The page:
The people of Leh and Ladakh, were very self reliant community with a lot of environment friendly practices. Not until couple of years ago when tourism became rampant and more and more hotels sprung up which created a lot of stress on the local environment specially water.
As responsible tourists, we need to understand the bigger picture. Learn from a local culture residing since time memorial and not crush it with our greed for an unknown adventure. But, still there are some organisations such as LEDeG, NCF and SECMOL that are working for these causes.
Ladakh Ecological Development Group-LEDeG (www.ledeg.org) is a non-governmental organization based at Leh. Since its formation, it has consistently worked towards serving the underprivileged people residing in disadvantaged areas of Ladakh and also address the environmental and cultural issues affecting the people in the region due to the current developmental initiatives. The crux of these initiatives is utilising renewable sources of energy and effective management of waste.
NCF (www.ncf-india.org) assists in better conservation management of the magnificent mountain ungulates of the Trans-Himalaya among the other activities that it undertakes.
Another institution that is handling the problems by directly getting the young involved is SECMOL. The Students Educational and Cultural Movement of Ladakh, SECMOL (www.secmol.org) was started by a Ladakhi engineer, Sonam Wangchuk.
SECMOL provides hostel facilities for high school and college students. They learn by doing. The entire campus is sustainable and is run by the students themselves.
From solar cooking to solar heating, to generating solar electricity. From biogas generation, to earth-building of structures. From learning English and understanding Science, they get so much more than just academics. People from all over the world volunteer at this institution to learn something new and in-turn teach their skills.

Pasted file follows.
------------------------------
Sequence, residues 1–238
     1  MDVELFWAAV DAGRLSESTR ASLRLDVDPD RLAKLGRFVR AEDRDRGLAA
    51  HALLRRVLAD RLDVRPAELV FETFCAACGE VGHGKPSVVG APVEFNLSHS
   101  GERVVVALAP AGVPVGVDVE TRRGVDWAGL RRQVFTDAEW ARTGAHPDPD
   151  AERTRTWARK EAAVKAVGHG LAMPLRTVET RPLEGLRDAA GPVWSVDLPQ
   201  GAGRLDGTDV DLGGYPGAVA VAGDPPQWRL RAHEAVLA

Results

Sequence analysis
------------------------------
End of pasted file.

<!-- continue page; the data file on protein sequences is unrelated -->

Sonam Wangchuk, the man behind this brilliant institution is currently coming up with a new invention, inspired from the people who are doing it abroad.
Since Ladakh is a barren land and has only 2 months of cropping season, the building of artificial glaciers would promise extra months for cropping. A conical structure of locally available Seabuck thorn is created in order to hold the ice.
Underground pipes bring water from nearby streams coming from a higher altitude. The structure is made on a south-facing low altitude region. The water is pushed up to the pipe that holds the thorny conical structure by its own kinetic energy. There is sprinkler attached to the top of the pipe which then releases the water in winters.
The water freezes instantly as it comes out of the pipe upon the conical structure. This creates an artificial glacier that holds itself until the summer months. As it starts melting, the irrigation channels laid out help it to reach the trees planted, which are water-fed by drip irrigation. This simple concept provides the villagers extra months of agriculture and also helps in greening the arid land.